You see the raving testimonies and you wonder, "Can the recipes really be that good?"

No worries! Make up a batch and if it's not as good as you've heard.. simply ask for a refund. Now that's a bargain and you know it. Let's review:

  • You decide you don't like the recipes.. you don't pay!
  • The recipes are absolutely amazing!
  • Once you order, there'll be no more recipe ads in the email version of the newsletter

Well.. what are you waiting for.. click on the big orange button below to order the recipes now.

Limited Time Website Deal!

Save 20% on Jeff’s Rub Recipes and Sauce Recipe

Use coupon code GIVEJOY during checkout


Order the Digital Recipes for Jeff's Rub and Sauce

I really, really appreciate the support from my newsletter friends and be sure to let me know if you have any questions about this.

Jeff's Smoking Meat Book

smoking-meat-book-cover-275x289The book is full of recipes and contains tons of helpful information as well. Some have even said that "no smoker should be without this book"!

With more than 800 reviews on Amazon.com and a rating of 4.7 out of 5 stars, it comes highly recommended.

It is a Bestseller in Barbecueing & Grilling books on Amazon.

Amazon | Barnes & Noble | German Edition

Digital versions available via Nook | iTunes | Kindle

Get Almost Anything at Amazon

If you enjoy the newsletter and would like to do something helpful, then..

The next time you decide to order something at Amazon.com, use THIS LINK to get there and we'll get a small commission off of what you purchase.

Thank you in advance for using our special link: http://www.smoking-meat.com/amazon

Printable Recipe

Print

Smoked Bone-in Ribeye Steak

There’s just something about a big ol’ ribeye steak with a handle that brings out the true carnivore in us! These smoked bone-in ribeye steaks are smoked to almost done then seared on a very hot grill for a perfect finish.

  • Author:
  • Prep Time: 5 mins
  • Cook Time: 1 hour
  • Total Time: 1 hour 5 mins
  • Yield: 4-6
  • Category: Entree
  • Cuisine: Hot Smoking

Ingredients

  • Bone-in Ribeye Steaks (¾ to 1 lb per person)
  • Olive oil
  • Jeff’s Texas style rub recipe

Instructions

Step 1: Season Steak(s)

  1. Place the ribeye steaks on a cutting board.
  2. Note: This one was just over 2 lbs and was about 3 inches thick. Any size and/or thickness will work but thicker is better in my opinion.
  3. Drizzle olive oil onto them.
  4. Use a basting brush to coat the entire piece of meat with the oil.
  5. Sprinkle a generous amount of Jeff’s Texas style rub recipe onto the top, sides and bottom of the steaks.
  6. Note: the Original rub recipe (Jeff’s Naked Rib Rub) is also very good on steak and I have used it many times with excellent results.
  7. Let the steaks sit on the counter for a few minutes while you get the smoker ready. You will notice that within a few minutes, the rub begins to draw some of the moisture out of the meat. The moisture then mixes with the rub ingredients and it creates a paste.
  8. Place the steaks on a Bradley rack or a cookie sheet to make it easy to transport them to and from the smoker.

Step 2: Smoke ’em up

  1. I used the Landmann propane smoker for this cook but any smoker will work great as long as it can maintain about 220°F.
  2. Set it up for indirect cooking and use the water pan if your smoker was designed with one.
  3. I recommend cherry wood for smoke but any smoking wood will work great for these.
  4. Once the smoker is ready, place the steak right on the smoker grate or if you used the Bradley rack, you can just place the rack right on the smoker grate.
  5. Keep the heat and smoke going for about any hour or until the internal temperature of the steak reads about 110-115°F.

Step 3: Finish on the Grill (optional but very good)

  1. Once the steaks reach an internal temperature of 110-115°F, place them on an already preheated gas or charcoal grill. The grill needs to be very hot.. the hotter the better in my opinion.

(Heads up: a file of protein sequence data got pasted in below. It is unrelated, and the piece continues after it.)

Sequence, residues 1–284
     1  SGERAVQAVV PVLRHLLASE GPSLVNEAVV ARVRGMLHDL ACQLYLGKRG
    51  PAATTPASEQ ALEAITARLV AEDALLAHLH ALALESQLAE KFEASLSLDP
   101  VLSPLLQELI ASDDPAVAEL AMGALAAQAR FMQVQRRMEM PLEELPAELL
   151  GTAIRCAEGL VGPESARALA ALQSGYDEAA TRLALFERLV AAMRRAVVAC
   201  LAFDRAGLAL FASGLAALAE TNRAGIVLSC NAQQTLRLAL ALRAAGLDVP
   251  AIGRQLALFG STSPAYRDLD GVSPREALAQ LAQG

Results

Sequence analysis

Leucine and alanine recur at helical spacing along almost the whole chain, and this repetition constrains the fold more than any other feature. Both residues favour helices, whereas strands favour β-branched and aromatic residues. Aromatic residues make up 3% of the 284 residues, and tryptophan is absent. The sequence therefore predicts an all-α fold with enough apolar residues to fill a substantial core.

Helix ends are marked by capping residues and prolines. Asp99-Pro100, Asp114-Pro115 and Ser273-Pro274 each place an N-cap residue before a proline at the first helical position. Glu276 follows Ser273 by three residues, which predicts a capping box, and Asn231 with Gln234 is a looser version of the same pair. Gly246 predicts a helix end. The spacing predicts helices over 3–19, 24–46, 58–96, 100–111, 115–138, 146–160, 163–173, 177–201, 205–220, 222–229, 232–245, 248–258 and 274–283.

2. Keep a close eye on the steaks and do not leave them alone at all. Place them on the hot grill for about 2 minutes then rotate them 90° to get nice looking grill marks.
  3. In 2 more minutes or so, flip them over and do the same thing on that side.
  4. The amount of time it takes to get a good char is completely dependent on the temperature of the grill so it may take more or less than 2 minutes.
  5. As an alternative, you can bring them into the house and place them under the broiler of the oven for this charring step. You will not get the coveted grill marks but you will get a great char and color and because the heat is working on the top of the steak instead of the bottom, you’ll be able to easily see when it’s had enough and is ready to be flipped over.
  6. Leave the smoker going and if the charring is complete but the steaks are not to your desired doneness, you can easily place them right back in the smoker until the desired temperature is acquired.

Step 4: Rest and Serve

  1. When the ribeye steaks have reached your desired level of doneness (I recommend medium rare or 135°F for best flavor, tenderness and juiciness), lay them on the cutting board and cover loosely with a foil pan or piece of foil to allow them to rest for 10 minutes. During the resting period, the juices in the steak will settle down and redistribute throughout the meat. The meat will also raise a few degrees in temperature.
  2. Cut or carve the steak(s) as desired and serve immediately.
  3. You can obviously cook them to a higher internal temperature if that’s the way you like to eat steak ?
  4. Enjoy the perfectly cooked smoked bone-in ribeye steaks!

 

About the Author

Long time Industrial Engineer turned self-proclaimed fire poker, pitmaster and smoke whisperer and loving every minute of it!

2 Comments on this article. Feel free to join this conversation.

  1. Donna Elliott November 7, 2015 at 6:37 am - Reply

    Good Morning,
    I am preparing a 4+lb boneless ribeye roast for the smoker. It will not be cut into steaks. How would I smoke it compared to the bone in chops? We prefer med/med rare. I don’t have a real accurate thermometer.Can you suggest a basic time frame to do this? I have a Green MT grill and can hold a temperature pretty well.
    Thank you so much.
    Donna

  2. John King July 16, 2015 at 12:15 pm - Reply

    My smoker is usually burning Hickory wood, any recommended adjustments (i.e. to the rub) if I’d like to try this with my next larger smoking session? I have an offset firebox smoker (Bandera) and considering trying the sear on a grate in the firebox.

Leave A Response